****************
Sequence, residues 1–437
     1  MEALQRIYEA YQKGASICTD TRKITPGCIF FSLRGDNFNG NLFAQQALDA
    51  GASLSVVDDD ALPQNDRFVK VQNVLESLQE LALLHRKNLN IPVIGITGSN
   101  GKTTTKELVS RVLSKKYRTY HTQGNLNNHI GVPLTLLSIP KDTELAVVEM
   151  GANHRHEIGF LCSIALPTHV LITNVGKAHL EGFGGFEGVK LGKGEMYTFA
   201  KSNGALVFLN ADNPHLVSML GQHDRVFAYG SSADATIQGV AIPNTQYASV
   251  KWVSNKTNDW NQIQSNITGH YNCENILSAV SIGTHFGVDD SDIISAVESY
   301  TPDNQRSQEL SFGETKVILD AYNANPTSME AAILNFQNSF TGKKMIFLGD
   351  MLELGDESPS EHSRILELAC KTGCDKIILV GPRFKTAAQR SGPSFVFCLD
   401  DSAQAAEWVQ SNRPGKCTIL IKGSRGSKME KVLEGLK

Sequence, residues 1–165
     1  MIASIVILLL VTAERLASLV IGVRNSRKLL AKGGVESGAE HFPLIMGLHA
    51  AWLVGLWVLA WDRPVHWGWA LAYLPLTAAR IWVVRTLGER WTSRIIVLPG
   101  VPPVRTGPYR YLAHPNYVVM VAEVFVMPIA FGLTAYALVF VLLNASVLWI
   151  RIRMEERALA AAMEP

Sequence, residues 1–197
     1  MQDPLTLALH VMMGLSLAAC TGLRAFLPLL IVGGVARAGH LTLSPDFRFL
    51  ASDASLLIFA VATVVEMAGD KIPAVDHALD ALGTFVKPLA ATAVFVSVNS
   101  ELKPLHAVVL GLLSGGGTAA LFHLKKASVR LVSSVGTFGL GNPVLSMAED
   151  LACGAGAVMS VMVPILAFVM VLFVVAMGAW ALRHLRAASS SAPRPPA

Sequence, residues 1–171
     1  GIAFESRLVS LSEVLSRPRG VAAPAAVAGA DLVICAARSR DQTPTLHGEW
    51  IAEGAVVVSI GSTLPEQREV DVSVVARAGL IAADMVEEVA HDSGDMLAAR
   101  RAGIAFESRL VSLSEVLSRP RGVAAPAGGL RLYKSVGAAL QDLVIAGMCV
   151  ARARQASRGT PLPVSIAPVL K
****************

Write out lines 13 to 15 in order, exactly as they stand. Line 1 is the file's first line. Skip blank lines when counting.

    51  AWLVGLWVLA WDRPVHWGWA LAYLPLTAAR IWVVRTLGER WTSRIIVLPG
   101  VPPVRTGPYR YLAHPNYVVM VAEVFVMPIA FGLTAYALVF VLLNASVLWI
   151  RIRMEERALA AAMEP